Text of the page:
6. What are the standards for considering and approving iPhone applications? What is the approval process for such applications (timing, reasons for rejection, appeal process, etc.)? What is the percentage of applications that are rejected? What are the major reasons for rejecting an application?
Here is what AT&T has been asked to respond to:
1. What role, if any, did AT&T play in Apple’s consideration of the Google Voice and related applications? What role, if any, does AT&T play in consideration of iPhone applications generally? What roles are specified in the contractual provisions between Apple and AT&T (or in any non-contractual understanding between the companies) regarding the consideration of particular iPhone applications?
2. Did Apple consult with AT&T in the process of deciding to reject the Google Voice application? If so, please describe any communications between AT&T and Apple or Google on this topic, including the parties involved and a summary of any meetings or discussions.
3. Please explain AT&T’s understanding of any differences between the Google Voice iPhone application and any Voice over Internet Protocol applications that are currently used on the AT&T network, either via the iPhone or via handsets other than the iPhone.
4. To AT&T’s knowledge, what other applications have been rejected for use on the iPhone? Which of these applications were designed to operate on AT&T’s 3G network? What was AT&T’s role in considering whether such applications would be approved or rejected?
5. Please detail any conditions included in AT&T’s agreements or contracts with Apple for the iPhone related to the certification of applications or any particular application’s ability to use AT&T’s 3G network.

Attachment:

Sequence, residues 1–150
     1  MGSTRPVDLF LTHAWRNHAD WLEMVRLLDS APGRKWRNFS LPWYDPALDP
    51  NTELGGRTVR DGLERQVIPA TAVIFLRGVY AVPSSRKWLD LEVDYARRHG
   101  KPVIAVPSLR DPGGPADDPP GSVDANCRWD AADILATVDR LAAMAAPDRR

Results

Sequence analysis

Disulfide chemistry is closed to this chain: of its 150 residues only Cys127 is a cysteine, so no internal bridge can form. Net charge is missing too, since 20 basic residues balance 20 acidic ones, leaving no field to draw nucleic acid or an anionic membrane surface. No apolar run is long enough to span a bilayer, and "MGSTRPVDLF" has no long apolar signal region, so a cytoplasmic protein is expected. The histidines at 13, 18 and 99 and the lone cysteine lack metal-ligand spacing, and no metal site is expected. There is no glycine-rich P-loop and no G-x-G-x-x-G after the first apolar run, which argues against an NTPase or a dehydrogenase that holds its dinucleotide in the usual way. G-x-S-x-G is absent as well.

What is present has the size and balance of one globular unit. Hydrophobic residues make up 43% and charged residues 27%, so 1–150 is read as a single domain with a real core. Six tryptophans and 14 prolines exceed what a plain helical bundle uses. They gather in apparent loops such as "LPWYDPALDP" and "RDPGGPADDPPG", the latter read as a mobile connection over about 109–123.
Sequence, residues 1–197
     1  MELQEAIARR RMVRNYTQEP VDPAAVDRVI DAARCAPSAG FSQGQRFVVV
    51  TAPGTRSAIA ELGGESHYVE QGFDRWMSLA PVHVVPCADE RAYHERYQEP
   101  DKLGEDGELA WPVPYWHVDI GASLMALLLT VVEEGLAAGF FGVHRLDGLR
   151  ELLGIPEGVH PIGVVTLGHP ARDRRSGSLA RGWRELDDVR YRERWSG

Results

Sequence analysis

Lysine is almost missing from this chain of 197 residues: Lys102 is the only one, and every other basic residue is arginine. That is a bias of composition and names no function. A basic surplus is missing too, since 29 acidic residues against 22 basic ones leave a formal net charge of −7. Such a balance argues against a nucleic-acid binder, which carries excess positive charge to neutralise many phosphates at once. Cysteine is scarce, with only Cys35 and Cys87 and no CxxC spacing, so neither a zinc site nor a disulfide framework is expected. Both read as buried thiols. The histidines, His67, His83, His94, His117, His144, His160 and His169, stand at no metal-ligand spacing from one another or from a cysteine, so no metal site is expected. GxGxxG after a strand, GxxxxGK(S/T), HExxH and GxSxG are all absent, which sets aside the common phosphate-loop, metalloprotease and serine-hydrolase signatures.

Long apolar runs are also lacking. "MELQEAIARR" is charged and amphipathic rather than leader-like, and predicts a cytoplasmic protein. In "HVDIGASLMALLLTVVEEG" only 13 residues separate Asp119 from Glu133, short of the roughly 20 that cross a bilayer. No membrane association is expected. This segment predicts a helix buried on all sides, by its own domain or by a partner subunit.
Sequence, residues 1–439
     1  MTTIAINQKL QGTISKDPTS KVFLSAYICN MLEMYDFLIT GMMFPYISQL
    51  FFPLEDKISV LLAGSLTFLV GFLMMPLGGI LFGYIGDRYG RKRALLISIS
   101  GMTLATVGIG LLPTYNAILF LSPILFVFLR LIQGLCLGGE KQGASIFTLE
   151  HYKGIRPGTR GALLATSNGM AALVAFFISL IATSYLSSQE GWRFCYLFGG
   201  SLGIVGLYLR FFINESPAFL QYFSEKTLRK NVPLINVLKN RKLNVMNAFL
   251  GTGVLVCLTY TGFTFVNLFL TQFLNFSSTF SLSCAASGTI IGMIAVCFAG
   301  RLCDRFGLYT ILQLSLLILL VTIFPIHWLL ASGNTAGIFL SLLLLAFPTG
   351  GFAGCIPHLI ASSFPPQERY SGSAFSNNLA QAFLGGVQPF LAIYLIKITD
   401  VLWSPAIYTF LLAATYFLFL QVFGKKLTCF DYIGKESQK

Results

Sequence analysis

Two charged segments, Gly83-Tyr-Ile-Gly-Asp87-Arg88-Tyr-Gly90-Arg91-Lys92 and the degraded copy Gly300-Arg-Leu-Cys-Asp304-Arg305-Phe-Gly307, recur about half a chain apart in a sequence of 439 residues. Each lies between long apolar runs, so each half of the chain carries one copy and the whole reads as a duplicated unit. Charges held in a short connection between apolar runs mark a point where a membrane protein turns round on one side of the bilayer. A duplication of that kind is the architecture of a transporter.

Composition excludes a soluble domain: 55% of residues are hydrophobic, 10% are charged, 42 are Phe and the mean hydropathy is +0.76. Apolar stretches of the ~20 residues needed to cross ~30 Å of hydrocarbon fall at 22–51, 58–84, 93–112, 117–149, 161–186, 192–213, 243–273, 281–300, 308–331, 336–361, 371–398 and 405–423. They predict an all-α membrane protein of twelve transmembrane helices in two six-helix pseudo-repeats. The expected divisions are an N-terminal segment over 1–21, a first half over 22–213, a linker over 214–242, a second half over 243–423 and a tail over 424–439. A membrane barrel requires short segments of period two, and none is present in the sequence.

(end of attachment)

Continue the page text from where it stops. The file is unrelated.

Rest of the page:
6. Are there any terms in AT&T’s customer agreements that limit customer usage of certain third-party applications? If so, please indicate how consumers are informed of such limitations and whether such limitations are posted on the iTunes website as well. In general, what is AT&T’s role in certifying applications on devices that run over AT&T’s 3G network? What, if any, applications require AT&T’s approval to be added to a device? Are there any differences between AT&T’s treatment of the iPhone and other devices used on its 3G network?
7. Please list the services/applications that AT&T provides for the iPhone, and whether there any similar, competing iPhone applications offered by other providers in Apple’s App Store.
8. Do any devices that operate on AT&T’s network allow use of the Google Voice application? Do any devices that operate on AT&T’s network allow use of other applications that have been rejected for the iPhone?
9. Please explain whether, on AT&T’s network, consumers’ access to and usage of Google Voice is disabled on the iPhone but permitted on other handsets, including Research in Motion’s BlackBerry devices.
The FCC sent letters to Catherine Novelli, VP of WorldWide Government Affairs at Apple; James W. Cicconi, Senior Executive Vice President-External and Legislative Affairs at AT&T; and Richard S. Whitt, Washington Telecom and Media Counsel for Google.